Julie Steller in January opened a store in northeast Minneapolis for her handmade apparel business, Steller Handcrafted Goods, which she had nurtured from home for about a dozen years.

Two months later, the pandemic and orders from the state forced her to close.

“I spent two weeks on the couch,” Steller said. “I couldn’t do anything. I was depressed.”

She cut work for her 15 contract tailors, who helped her sew and stitch mittens, caps, cloth purses and other apparel out of old sweaters. She didn’t know when business could resume at her just-opened shop and arts fairs, another key path of distribution, were canceled.

“I started making caps and bunnies for matchboxes,” Steller recalled. “It was therapeutic.”

Steller also made masks from her stock of fabric. She donated them for hard-pressed health care workers at nearby Abbott Northwestern Hospital, and relatives and neighbors.

Steller put a few on a table on her Elliot Park porch. She was surprised to see that people paid for them. Eventually, she decided to start producing thousands of in-demand masks. Back to work for the 15 tailors.

“I spent thousands of dollars on sheets from Target,” Steller said. “We advertised on Facebook and Instagram. People bought hundreds of masks [for $8] from our porch and paid in cash or Venmo. My 6-year-old granddaughter drew circles on the sidewalk so people would stay apart. Eureka Recycling ordered 100. I filled one order for 800.”

Steller, 62, raised six kids near Bethlehem Baptist Church in Elliot Park. Her husband of 43 years is a semiretired minister. Steller started her business to supplement their modest retirement income.

Last year was her best year, grossing about $150,000 in revenue. She made a little profit for herself thanks to burgeoning online sales at Stellergoods.com, and at festivals and arts fairs.

She opened the tiny store, with rent of $1,400 monthly, at NE. Broadway and NE. Central Avenue, to generate visibility and create a workspace away from the house.

Steller gave her suddenly busy contract sewists a raise this year from $15 to $20 an hour. She was overwhelmed by their tireless work.

“It was the right thing to do,’’ she said. “My team was so flexible and courageous.”

She hopes mask sales in 2021 will be supplanted by mittens, dresses, caps and other items made mostly of recycled clothing.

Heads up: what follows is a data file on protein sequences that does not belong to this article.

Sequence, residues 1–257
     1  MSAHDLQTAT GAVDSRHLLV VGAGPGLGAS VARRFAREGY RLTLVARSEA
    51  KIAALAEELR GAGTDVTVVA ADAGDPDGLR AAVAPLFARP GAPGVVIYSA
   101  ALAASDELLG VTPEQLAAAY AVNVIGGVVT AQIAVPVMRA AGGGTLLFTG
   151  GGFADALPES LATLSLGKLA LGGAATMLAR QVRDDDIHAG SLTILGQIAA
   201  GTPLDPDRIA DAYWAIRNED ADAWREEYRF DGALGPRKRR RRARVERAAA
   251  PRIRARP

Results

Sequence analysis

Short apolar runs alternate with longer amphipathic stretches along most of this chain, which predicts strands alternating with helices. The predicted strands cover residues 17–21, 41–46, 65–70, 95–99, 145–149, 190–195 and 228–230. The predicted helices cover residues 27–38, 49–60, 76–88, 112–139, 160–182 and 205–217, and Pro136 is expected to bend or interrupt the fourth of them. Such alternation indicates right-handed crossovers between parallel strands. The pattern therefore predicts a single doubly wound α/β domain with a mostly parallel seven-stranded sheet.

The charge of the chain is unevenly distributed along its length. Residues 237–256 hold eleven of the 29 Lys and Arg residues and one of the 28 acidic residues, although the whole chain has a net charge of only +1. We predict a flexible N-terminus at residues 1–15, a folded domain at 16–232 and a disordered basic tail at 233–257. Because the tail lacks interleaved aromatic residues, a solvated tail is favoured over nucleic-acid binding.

“We’ve also linked up with agencies that serve the homeless and others for neck gaiters with funds raised through SupporttheCities.com,” she said “We make them for half the price that Support The Cities paid Amazon.”

Steller started in business learning how to make one pair of mittens from a Scandinavian sweater. She’s a graduate of nonprofit WomenVenture, the nonprofit business counselor and financier for small, female-owned outfits.

She long ago repaid the $30,000 WomenVenture loaned her in 2013 to buy an industrial-strength sewing machine, retool a website and get a marketing plan. WomenVenture classes taught Steller to interpret the numbers to understand what products were or weren’t selling.

WomenVenture this month named her one of its three prized entrepreneurs of the year. Steller won for her resilience and determination.

“I have always loved Julie’s great energy and sunny personality,” said Kathy Pyle, senior business consultant at WomenVenture. “She has always made an effort to learn more, connect with our services and work hard to make her business successful. She provides important in-home work opportunities for women, and is a tireless cheerleader for other women and woman-owned businesses.’’

Steller credits WomenVenture with a multiyear plan to grow and finance the business, and pay down debt during recent good years.

“WomenVenture has helped at each juncture of my growth,” Steller said.

Steller chuckles over a few business mistakes over the last decade. That includes spending $10,000 for fabric from the torn Metrodome roof in 2010 to make colorful mittens.

“I paid too much and I made too many,” she recalled. “I learned from that. We had fabric and mittens everywhere. We had production issues. I didn’t know how to pace things. I learned a lot. We still have some.”

Steller considers herself lucky she was able to pivot the business after the pandemic and recession hit. She might even make a buck for the extraordinary effort this year.

“I think I will make money,” she said. “I just hope people who bought face masks will come back to the website or store to buy mittens, hats and purses.’’


Neal St. Anthony has been a Star Tribune business columnist and reporter since 1984. He can be contacted at nstanthony@startribune.com.